Feb 11, 2016 | By Benedict
Paul Chiarot, an assistant professor of mechanical engineering at the University of Binghamton, New York, has received a $500,000 grant from the National Science Foundation to develop his electrospray 3D printing method.
Even in a burgeoning field like 3D printing, half-a-million dollars is a lot of money to be throwing around. That’s why Chiarot’s electrospray technique could well be something to get excited about. The mechanical engineer has been awarded that princely sum by the National Science Foundation’s most prestigious program for early-career researchers, and his grand ambitions appear to match the foundation’s outlay.
The “electrospray” technique works a bit like an inkjet printer, only in 3D. Tiny particles in a solvent are sprayed onto a surface, with a high electric charge keeping the particles separated. This allows for the highest level of detail and extremely precise control over the 3D printed component’s properties, currently unmatched by any comparable 3D printing method.
“What we’re trying to do is to control, at the smallest length scales, what the structure of an individual layer looks like,” Chiarot explained. “Right now, there’s not a lot of control for that. But if you want to be able to get really nice functionality out of a 3D printed part, you want to be able to control what we call structure at the smallest possible length scales.”
The level of control afforded by the electrospray technique will allow engineers to manipulate a 3D printed part in completely new ways. The precise manipulation of particles will, for example, bring the mechanical, electrical, thermal and optical properties of a 3D printed part under the jurisdiction of the part designer. Thin layers of gold could be used in solar cell development because of their transparency and conductivity, glass particles could be used for anti-fogging or anti-frosting coatings, and magnetic particles could be manipulated for data storage.
“If you imagine these particles were billiard balls that we just threw together—which is the way we do it now — and you wanted to pass electric current through that, if it’s randomly packed, it won’t do a great job of it,” Chiarot says. “But if we do it the way you line up billiard balls—in an orderly fashion—that should help us get better conductivity, a more efficient device or maybe one that requires less material.”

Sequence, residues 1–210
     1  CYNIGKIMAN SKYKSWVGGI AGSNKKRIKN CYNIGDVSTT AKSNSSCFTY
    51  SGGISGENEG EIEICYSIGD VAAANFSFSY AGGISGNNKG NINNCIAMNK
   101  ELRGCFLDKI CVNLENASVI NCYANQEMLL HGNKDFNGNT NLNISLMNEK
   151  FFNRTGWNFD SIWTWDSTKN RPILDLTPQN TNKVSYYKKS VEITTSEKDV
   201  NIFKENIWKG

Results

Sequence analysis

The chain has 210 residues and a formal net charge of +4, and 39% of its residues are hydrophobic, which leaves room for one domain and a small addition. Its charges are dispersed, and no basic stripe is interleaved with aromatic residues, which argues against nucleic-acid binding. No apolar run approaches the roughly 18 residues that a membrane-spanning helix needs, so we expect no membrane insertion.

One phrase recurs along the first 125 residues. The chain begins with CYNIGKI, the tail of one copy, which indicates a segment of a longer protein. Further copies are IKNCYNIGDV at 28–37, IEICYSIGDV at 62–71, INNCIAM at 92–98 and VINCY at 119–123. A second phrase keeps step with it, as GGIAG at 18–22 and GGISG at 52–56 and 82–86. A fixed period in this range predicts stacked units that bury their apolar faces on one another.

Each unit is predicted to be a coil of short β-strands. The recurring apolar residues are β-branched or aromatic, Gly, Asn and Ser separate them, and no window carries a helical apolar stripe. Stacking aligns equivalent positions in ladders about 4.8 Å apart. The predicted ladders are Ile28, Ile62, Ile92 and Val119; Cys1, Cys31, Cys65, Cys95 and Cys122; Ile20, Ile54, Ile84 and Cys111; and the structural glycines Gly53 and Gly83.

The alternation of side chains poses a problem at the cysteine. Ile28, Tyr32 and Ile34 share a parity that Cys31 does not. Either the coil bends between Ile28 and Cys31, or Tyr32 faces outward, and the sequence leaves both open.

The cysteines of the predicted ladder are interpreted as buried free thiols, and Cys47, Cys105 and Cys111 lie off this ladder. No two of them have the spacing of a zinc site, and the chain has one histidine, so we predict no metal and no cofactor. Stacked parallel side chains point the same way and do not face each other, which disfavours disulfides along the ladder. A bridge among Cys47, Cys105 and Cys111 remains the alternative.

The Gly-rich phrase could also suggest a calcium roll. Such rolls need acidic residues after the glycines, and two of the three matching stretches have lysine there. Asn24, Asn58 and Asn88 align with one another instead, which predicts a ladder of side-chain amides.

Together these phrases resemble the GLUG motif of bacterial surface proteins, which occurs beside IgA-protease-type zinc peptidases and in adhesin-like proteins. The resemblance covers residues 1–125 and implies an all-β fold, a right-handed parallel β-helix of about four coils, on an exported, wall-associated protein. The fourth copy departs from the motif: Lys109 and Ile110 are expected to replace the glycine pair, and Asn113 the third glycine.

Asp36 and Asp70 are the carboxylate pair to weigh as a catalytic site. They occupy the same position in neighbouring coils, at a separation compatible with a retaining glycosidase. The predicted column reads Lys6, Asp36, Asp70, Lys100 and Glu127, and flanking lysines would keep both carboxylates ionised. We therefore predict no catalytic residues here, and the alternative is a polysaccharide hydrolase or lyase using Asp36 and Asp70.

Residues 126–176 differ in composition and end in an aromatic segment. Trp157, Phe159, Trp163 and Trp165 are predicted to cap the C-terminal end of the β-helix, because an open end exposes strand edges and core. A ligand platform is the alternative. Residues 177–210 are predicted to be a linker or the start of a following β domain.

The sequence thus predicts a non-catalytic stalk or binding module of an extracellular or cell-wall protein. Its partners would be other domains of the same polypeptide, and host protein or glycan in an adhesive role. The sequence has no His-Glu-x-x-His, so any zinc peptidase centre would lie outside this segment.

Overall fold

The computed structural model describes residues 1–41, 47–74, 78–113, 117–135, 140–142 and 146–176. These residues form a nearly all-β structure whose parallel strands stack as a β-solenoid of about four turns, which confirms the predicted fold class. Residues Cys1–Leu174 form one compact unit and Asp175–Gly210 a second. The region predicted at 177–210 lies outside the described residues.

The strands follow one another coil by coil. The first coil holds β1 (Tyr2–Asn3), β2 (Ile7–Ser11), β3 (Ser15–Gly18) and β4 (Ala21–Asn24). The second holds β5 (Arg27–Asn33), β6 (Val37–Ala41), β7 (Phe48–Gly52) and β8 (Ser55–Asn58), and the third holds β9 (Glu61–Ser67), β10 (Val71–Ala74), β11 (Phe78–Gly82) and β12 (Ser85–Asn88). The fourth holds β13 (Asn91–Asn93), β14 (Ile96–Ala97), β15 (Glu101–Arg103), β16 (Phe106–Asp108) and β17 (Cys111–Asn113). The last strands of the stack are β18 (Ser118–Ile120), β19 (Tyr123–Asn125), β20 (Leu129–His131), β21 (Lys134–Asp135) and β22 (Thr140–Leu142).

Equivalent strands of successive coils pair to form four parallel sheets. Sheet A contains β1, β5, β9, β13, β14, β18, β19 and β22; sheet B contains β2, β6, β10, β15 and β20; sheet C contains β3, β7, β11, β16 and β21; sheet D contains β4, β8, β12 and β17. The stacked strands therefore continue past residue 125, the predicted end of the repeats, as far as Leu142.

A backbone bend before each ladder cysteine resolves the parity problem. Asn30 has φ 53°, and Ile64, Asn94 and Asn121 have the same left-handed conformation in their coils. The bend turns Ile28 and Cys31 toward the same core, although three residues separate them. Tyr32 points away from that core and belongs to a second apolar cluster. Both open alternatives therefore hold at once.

An electrospray 3D printer differs from those we’re used to seeing in several important ways. The printer uses a high-voltage power supply and a pump to extrude the material to a syringe-like nozzle. The particles are sprayed out of this nozzle and, because of the electric charge, can be dispersed in the most precise manner. Secondary fields can even be used to reposition each particle during the split second between leaving the nozzle and hitting the target layer.
One of the National Science Foundation’s motivations for awarding Chiarot the $500,000 grant may have been more political than scientific, with the engineer admitting the instrumental motivations behind his research: “We want to understand this principle fundamentally,” Chiarot says, “and then, using that knowledge, we want to develop a manufacturing technique that can lead to new jobs.”
Chiarot hopes that additive manufacturing techniques such as his own will restore the manufacturing spirit of the USA, in a way that has not been seen before: “We need things, both small and large, not just cell phones, but jet engines and replacement parts, too,” the engineer explained. “Manufacturing positions will come back, but it won’t be an assembly line.”
Posted in 3D Printing Technology
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